• When choosing this trek it is well worth seeking out up to date information and photos at least from a few different sources, and treat a description in the Lonely Planet with some reserve (it seems to us that the author had never been there, but only relied on the descriptions of local guides). This route is dynamically changing, new landslides arrives, and perhaps in the next season also our description will be obsolete.
  • In the autumn season – in our opinion – there is no need to take climbing gear. However, in May, when there is usually still a lot of snow in the passes, crampons and ice axe might be useful.
  • In Kedarnath we learned that trekking across the Masar Tal and Vasuki Tal lakes requires a special permit, although we were unable to confirm this information in the Internet. Policemen stationed at the camp – within the discretion of our achievement (very hard, very dangerous) – let us that time without complications. The best place to ask about the permit is the government trekking agency – GMVN ( in Delhi, Rishikesh, Haridwar or Dehradun.
  • We didn’t find gas cartridges anywhere in the Rishikesh. Although, there is a gas station where You can get petrol without any problem.
  • This route is seldom visited and the trail is not equipped with any tourist facilities (Tourist Rest Houses in Reeh and Gangi are neglected hovels), so you need to bring your own food and necessary camping equipment. While trekking we met only local shepherds. People living in the valley knows only the language of Urdu, so you cannot communicate in English there. In addition, in every village along the way people asked us – doing the sweeping gestures – for something to eat, so you probably cannot get anything for eating there…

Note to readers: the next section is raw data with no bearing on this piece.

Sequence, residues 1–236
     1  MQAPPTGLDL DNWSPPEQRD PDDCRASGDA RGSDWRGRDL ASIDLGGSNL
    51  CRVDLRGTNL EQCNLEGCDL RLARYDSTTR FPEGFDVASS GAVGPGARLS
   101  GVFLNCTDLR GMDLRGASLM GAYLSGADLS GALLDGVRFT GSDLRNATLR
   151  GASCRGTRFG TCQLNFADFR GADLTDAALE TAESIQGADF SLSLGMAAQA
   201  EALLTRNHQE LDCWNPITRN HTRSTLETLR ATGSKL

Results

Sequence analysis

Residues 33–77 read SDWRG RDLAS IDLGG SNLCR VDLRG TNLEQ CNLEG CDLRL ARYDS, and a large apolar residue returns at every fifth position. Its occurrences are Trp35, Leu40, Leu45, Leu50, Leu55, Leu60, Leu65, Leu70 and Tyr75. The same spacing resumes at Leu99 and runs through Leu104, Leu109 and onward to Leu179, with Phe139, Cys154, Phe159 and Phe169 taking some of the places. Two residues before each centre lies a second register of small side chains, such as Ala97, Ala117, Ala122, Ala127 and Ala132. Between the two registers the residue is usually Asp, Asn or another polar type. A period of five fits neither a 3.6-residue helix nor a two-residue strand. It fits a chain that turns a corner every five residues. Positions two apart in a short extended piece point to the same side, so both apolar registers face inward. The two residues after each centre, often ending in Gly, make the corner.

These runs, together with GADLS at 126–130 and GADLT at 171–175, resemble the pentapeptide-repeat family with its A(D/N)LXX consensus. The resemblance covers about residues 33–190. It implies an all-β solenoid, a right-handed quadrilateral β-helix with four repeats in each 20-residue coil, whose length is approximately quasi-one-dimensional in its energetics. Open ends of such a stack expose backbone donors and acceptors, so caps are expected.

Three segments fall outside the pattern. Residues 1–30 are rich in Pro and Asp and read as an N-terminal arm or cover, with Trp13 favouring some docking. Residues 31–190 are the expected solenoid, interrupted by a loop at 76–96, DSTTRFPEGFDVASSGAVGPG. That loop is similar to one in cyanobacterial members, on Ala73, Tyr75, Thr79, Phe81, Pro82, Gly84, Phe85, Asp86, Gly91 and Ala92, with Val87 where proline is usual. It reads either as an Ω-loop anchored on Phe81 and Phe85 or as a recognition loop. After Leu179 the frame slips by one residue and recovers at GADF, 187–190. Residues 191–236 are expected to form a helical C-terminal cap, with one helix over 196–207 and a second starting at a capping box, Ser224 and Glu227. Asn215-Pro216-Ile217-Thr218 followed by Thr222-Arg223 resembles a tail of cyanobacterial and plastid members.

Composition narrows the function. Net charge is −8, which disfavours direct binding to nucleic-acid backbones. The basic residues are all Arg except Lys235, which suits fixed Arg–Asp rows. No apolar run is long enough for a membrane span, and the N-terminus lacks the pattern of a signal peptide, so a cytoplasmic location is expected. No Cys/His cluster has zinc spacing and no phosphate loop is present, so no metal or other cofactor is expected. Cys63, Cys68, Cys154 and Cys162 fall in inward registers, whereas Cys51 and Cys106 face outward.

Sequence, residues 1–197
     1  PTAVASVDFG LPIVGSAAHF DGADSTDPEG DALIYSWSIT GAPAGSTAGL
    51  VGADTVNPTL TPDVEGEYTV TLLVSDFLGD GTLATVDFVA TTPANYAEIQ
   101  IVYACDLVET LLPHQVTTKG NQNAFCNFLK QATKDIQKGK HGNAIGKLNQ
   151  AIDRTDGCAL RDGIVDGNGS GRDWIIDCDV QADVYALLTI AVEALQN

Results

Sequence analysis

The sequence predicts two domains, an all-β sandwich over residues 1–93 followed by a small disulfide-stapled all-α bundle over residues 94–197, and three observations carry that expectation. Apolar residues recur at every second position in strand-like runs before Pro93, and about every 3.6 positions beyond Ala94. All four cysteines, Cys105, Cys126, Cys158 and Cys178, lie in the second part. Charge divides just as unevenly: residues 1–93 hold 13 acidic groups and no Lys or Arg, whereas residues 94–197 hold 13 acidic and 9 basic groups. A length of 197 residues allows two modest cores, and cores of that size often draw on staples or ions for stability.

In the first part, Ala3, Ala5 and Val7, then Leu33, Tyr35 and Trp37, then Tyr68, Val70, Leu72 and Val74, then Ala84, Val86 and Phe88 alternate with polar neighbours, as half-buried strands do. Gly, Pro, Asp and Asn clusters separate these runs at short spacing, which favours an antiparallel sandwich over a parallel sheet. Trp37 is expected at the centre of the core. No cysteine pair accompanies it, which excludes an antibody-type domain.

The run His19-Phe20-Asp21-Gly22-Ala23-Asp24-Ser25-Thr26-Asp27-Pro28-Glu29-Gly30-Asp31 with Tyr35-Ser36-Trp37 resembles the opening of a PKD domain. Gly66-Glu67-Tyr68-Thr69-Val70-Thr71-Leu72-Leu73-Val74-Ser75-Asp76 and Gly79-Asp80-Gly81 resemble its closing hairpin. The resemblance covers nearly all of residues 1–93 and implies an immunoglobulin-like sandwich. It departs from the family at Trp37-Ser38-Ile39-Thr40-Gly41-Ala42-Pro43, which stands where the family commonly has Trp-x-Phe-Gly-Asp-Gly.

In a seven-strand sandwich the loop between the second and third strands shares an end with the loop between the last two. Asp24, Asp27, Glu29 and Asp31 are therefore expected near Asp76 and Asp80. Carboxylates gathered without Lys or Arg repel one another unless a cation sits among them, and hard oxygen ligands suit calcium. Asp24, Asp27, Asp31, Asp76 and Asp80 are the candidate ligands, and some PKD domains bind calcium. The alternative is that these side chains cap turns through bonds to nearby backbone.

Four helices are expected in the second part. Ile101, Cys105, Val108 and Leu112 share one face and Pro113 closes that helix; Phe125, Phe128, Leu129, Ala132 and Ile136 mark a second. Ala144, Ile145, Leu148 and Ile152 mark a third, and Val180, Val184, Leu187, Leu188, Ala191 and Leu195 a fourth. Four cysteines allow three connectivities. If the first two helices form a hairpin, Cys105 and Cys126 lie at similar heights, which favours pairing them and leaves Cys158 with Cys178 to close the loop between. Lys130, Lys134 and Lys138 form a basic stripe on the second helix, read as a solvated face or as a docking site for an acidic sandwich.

• Before heading out for trekking it is worth checking what is the current situation in flooded in June 2013 valley of the river Mandakini. Villages, located in the valley were completely destroyed during the flood (more information can be found in our photo story “Flood in Kedarnath – the first such tragedy in India”). You won’t find shops or hostels there, even Kedarnath – the most popular place of pilgrimage in Garhwal – is now deserted. The pilgrimage road is gone, and a new path – led the opposite site of the valley – is under construction. Currently on trail Gaurikhund Kedartnath government camps available for pilgrims are placed. In the three of them: Ketharnath, Rumbaka and 6 km up the valley from Gaurikund it’s free to spend the night and eat thali– but it is unclear how long the police will be stationed there.

Detalied route description
Our route led up the Bhilan Ganga river, via Mayali Pass into the valley of the river Mandakini. We started trekking from a small town Guttu, visiting along the way a number of smaller villages – Reeh, Gangi and Deordi. After a few days we got to the Khatling glacier, from where we went into side valley and – through the mountains, past lakes Masar Tal and Vasuki Tal – went down to Kedarnath, Gaurikund, Sonprayag.

Day 1 Guttu - Reeh

10.5km, 4h 30min, 780m elevation gain
We start from a height of 1537m. From Parking in Guttu (bus stop) we follow the gravel road – immediately left, bypassing the village. We’re on true right of the Bhilan Ganga river, ascending a gentle uphill traverse. After about 4 hours we reach the village Reeh (2060 m). This section has about 10.5 kilometers. There is GMVN Tourist Rest House in the village – the only comfortable camping place in the area (bed in the dormitory – 100 INR / person; tent – 150 INR). The lodge is currently in very poor condition and often – even in peak season – just closed.